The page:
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Purim - The Real Story

November 24, 2016 22:53

There is a strange halacha that one should become drunk on Purim so much so as not to know the difference between ‘Blessed is Mordechai’ and ‘Cursed is Haman’. However it is widely known – and experienced - that this level of drunkenness is fairly extreme. Furthermore, we are also expected to pray the ma’ariv service after the Purim meal and how can we do this if we are 'commanded' to be so drunk?

In order to unravel this mystery we need to understand the message of the Purim story. Let’s analyse the various characters and groups involved in the Purim story and ask whether the following question: did they get the message? Did they know what was actually going on in this intriguing tale? Let’s see…

Achashverosh: One of the storylines in the Megilla is how the king in the Purim story appears to wield control but in reality, does not. Achashverosh never makes decisions without consulting his ministers, be it Haman or later, Mordechai. He is happy to let a foreigner, Haman the Agagite, to run the country and is seemingly shocked when Esther reveals to him that Haman was plotting to kill the Jews – you’d think he’d know!

Esther: The turning point of the Megilla is when Mordechai tries to convince Esther to save the Jews once Haman’s decree became public. This dialogue in Chapter 4 is very interesting because Esther appears not to be overly bothered with saving the Jewish people. After Mordechai informs her of all the events – just in case those in the palace didn’t know – she still makes excuses for not doing anything i.e. that she would die if she approached the King. Although she is eventually persuaded, at first she didn’t know what was going on.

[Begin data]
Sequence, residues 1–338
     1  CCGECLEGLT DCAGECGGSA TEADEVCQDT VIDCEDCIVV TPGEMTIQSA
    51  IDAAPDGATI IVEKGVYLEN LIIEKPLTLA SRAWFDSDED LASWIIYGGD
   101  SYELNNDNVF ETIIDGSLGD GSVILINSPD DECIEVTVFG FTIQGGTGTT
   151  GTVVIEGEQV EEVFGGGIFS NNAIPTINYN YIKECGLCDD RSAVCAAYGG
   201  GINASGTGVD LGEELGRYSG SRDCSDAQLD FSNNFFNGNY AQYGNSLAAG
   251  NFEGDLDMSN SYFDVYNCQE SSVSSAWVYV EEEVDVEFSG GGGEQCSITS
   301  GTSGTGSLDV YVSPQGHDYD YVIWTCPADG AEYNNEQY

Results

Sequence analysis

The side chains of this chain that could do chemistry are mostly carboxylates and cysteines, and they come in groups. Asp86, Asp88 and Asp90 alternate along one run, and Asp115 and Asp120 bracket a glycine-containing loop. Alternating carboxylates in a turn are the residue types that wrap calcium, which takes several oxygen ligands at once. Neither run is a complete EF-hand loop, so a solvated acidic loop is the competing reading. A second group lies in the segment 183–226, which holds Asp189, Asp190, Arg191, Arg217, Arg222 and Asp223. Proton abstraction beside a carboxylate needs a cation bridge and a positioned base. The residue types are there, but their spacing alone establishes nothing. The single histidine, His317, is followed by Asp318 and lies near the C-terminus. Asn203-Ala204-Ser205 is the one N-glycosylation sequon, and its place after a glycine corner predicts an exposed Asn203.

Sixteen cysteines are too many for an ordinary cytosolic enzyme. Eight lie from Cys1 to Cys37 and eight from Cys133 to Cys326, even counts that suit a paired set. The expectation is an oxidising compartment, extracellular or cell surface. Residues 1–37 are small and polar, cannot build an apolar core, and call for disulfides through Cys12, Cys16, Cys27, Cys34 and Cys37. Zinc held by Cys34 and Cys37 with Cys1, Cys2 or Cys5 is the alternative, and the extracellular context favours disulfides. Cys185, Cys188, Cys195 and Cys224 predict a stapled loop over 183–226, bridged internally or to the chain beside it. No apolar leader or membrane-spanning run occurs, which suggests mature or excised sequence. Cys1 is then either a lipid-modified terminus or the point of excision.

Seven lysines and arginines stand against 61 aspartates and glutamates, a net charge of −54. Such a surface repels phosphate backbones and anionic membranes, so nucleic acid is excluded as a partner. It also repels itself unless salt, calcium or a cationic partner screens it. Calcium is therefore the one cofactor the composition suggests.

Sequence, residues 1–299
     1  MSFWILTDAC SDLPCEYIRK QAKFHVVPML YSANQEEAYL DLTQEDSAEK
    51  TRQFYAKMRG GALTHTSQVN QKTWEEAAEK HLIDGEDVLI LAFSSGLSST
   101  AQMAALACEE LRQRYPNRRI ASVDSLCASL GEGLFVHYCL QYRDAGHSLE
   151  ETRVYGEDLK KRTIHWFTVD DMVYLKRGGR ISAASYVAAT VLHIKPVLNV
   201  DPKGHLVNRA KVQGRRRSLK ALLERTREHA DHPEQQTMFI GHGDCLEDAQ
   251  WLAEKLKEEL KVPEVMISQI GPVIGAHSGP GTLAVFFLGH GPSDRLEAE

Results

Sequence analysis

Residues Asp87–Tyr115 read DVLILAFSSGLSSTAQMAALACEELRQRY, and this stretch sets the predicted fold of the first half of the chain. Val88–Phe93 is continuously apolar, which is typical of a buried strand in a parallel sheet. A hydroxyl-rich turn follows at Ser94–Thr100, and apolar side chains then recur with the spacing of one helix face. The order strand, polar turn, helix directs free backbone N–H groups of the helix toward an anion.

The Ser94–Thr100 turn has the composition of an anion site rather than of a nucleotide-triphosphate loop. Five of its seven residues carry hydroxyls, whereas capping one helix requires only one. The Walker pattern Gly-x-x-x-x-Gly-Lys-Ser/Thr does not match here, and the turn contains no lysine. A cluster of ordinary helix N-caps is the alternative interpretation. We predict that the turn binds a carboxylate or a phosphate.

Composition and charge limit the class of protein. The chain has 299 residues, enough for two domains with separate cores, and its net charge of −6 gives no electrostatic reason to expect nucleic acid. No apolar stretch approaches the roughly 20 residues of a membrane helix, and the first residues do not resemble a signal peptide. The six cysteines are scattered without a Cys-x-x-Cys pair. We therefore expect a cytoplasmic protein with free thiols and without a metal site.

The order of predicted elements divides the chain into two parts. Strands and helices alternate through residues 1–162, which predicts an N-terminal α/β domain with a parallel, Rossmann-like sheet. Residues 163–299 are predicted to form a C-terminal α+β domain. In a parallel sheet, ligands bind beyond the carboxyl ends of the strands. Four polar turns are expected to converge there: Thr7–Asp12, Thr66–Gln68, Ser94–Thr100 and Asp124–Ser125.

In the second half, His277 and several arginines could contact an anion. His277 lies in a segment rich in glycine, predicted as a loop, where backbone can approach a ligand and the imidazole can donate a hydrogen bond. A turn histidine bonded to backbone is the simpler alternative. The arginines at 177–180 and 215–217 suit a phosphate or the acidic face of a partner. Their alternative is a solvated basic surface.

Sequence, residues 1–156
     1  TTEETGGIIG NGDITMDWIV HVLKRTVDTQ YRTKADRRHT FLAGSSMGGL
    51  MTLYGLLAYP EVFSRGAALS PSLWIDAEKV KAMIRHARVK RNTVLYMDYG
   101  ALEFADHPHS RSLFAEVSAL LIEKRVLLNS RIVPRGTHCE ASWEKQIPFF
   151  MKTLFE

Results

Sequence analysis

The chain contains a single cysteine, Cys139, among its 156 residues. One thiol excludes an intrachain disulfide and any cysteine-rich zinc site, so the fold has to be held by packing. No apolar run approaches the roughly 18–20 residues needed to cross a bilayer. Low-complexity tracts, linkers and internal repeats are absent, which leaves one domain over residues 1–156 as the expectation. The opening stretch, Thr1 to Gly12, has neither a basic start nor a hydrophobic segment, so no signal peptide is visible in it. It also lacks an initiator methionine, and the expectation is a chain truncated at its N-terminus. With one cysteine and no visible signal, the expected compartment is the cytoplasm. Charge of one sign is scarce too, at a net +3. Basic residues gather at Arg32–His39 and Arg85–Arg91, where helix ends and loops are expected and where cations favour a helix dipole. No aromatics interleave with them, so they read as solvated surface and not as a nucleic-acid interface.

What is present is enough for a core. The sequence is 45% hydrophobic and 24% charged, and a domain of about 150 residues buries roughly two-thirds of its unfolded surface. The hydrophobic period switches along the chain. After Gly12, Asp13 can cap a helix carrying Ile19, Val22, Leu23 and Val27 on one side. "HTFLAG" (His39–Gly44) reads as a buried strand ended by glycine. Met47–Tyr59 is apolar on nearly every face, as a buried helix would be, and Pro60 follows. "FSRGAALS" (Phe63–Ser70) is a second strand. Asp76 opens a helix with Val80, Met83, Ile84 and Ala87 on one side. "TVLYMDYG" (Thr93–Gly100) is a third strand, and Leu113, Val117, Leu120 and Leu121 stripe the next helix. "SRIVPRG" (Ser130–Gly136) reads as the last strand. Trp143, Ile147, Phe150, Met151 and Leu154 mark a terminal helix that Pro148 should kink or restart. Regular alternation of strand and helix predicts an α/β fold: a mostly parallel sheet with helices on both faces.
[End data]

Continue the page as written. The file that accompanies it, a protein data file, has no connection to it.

The Jews: Happily living a life in Persia, the Jews did not seem bothered to heed the call to return to the land of Israel and rebuild the Temple. And there are plenty of midrashim that reflect this theme, for instance the ones which talk about the Jews happily drinking from non-kosher vessels in Achashverosh’s feast. They also seemed happy to bow down to Haman.

Mordechai: At last, someone who understands what is going on: From the start Mordechai would not bow down to Haman – he would not compromise his faith. As soon as he heard the news of Haman’s decree, he tore his clothes and cried out in the center of Shushan. Mordechai was a man of action and through his deeds, managed to save the Jewish people.

Haman: The person who had the plan from the start, Haman understood the situation. He describes the Jews as “one people; scattered and dispersed among the peoples…and the laws of the King they do not observe…” (Esther 3:8). We learn that when the Megilla uses the word King, it really means G-d, and this brings Haman’s statement to a new light: that he understood that the Jews were not united and not serving G-d, which led him to conclude that now would be a good time to attempt to destroy them.

We now realize that the only people who really understood the spiritual messages throughout the Purim story were Mordechai and Haman. Both knew that the Jewish people were not united, in the wrong country and not observant. Whereas Haman used this knowledge to try and destroy the Jews, Mordechai used it to save them.

The reason we drink on Purim is because after we are drunk (to a reasonable extent!), we can often have great clarity and the words we speak are usually what we really think. And the main task during the Purim meal is to understand the message of the Megilla. To do this, we do that is to drink ‘until one doesn’t know the difference between ‘Blessed is Mordechai’ and ‘Cursed is Haman’’. This means that we need to understand that in reality, there is no difference between the two of them!

On Purim we need to get to a level where we know that the message of the Purim story is that the Jews should be a united people in the land of Israel living according to the Torah. Once we have attained such a level, it is almost arbitrary to differentiate between Mordechai and Haman – both were part of Hashem’s master plan to bring about the eternal redemption of the Jewish people.

November 24, 2016 22:53

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